Everyone has given you good advice. Read what you need to bring with you. Here is a link again to the U.S. consulate's website for what to do in Barcelona:
The U.S. consulate people do this every day. Stay patient and just go with the flow. They have a procedure to follow. Vouching makes no difference and getting angry with them about being a U.S. citizen will not help.
Follow the instructions on the website. Be patient and you should walk out with a new passport.
FYI--if an airline allows you to cross a border without a passport or official international travel document (military ID and orders) they get fined.
Hi all, I'm sure some of you wondered what happened. The worst impact was not being allowed to board a totally within Spain Vueling flight between Granada and Barcelona. Once we finally got to Barcelona via a 14 hour overnight bus ride instead of our 90 minute Vueling flight we went straight to the consulate who handled the matter exceedingly well.
Unlike Vueling the consulate staff treated us with compassion, empathy and moved swiftly to resolution. Can't possibly say enough good things about the Barcelona US consulate! Only thing I'd suggest for all the US consulate in hindsight, is to better layout the general process & timeline online to save everyone some stress. As we proceeded from Granada to the Barcelona consulate we had no idea how long it would take to get Nita a new passport. A better website explanation of the temporary passport process would have reduced our worries, a ton. After the treatment we'd gotten from Vueling, we were pretty depressed and fearful of what lay ahead. Thankfully, the consulate was a very pleasant surprise.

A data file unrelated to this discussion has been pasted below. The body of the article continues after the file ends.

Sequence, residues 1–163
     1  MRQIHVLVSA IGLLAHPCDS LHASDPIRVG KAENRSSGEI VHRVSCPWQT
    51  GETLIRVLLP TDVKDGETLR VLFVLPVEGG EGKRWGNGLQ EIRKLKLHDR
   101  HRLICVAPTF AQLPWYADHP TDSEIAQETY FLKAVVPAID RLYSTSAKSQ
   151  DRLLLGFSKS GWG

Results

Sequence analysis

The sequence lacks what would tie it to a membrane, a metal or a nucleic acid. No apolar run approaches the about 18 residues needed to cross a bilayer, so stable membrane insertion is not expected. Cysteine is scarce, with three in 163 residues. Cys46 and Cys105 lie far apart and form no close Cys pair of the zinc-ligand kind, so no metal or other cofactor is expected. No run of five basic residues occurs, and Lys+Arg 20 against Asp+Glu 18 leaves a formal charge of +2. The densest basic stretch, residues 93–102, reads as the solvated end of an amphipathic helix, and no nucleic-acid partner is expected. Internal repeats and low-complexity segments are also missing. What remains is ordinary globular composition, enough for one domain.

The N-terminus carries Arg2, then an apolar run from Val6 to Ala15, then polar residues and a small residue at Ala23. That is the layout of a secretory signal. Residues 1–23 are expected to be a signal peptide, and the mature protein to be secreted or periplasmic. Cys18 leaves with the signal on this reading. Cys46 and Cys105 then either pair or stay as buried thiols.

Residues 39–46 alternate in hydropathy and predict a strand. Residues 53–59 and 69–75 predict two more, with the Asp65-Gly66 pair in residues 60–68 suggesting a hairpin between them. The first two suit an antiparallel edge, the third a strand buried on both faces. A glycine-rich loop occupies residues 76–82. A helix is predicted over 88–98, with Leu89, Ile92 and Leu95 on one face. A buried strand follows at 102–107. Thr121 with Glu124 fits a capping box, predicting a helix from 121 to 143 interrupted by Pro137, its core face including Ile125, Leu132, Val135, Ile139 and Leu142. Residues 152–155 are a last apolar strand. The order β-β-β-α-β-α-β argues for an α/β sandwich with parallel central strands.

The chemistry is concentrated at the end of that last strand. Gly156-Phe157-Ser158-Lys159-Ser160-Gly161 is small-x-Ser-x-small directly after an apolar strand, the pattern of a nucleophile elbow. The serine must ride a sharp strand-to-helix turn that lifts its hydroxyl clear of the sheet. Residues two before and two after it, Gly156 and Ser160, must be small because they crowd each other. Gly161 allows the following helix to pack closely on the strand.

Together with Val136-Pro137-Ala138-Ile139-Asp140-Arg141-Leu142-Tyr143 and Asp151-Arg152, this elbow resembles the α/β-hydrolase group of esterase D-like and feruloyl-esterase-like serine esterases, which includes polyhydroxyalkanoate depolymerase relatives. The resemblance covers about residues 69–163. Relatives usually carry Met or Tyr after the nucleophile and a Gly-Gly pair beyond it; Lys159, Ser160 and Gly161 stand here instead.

Back to Vueling in Granada...
We were unable to board our 90 minute Vueling flt from Granada to Barcelona. Which was very painful for us. For these reasons...
- We were not attempting to board a USA flt. Only flying within Spain. This was not even a USA connecting flt.
- We couldn't have been treated more poorly at the gate and especially on appeal 5 minutes later at the Vueling Granada airport "customer service" office. By poorly, I mean NO one at Vueling showed or expressed the least bit of concern for the impact of denying us boarding??? Vueling should hire robots. Who needs human beings incapable of sorting out issues? They wouldn't even take 10 seconds to discuss the matter. We were ordered out of line and dismissed without hearing or seeing what we had in our favor. The Vueling airport customer service office person was even less interested and we wern't not holding up anyone at the point. And we trying like usual to "pre-board" since my wife is a slow weak walker and MS patient.
Here's what we had going for us, I thought.
1. Both my son & I still had all the documentation you would ever want to see. Only my wife did not. we hall had the same last name and even the same address. Our adult son has a low IQ and lives us.
2. We had all presented passports upon entry to Spain and my wife still had photocopies.
3. Vueling already had our passport data on file when I booked the reservation to boot.
4. Both my wife & are 63yrs old. There's not a chance in hell we fit one criteria of a risky passenger. Especially, my wife.
Because, they couldn't be bothered to act like thinking and caring employees my wife. my son and I ened up taking the only means we could find to get to Barcelona. A 14 hour overnight bus. my wife has advance MS and walks with great difficulty. The discomfort and stress and 14 hours on the bus definitely took a toll on her. We couldn't get a word in edge wise to explain that to them. We were summarily dismissed without the least bit concern for our well being. Vueling also refuses to refund our tickets.
I only hope the three Vueling people who treated us so poorly someday get the same treatment when they're in a big painful calamity too. They deserve the ordeal we went through. Whatever happened to customer service much less the expectation of compassion and empathy.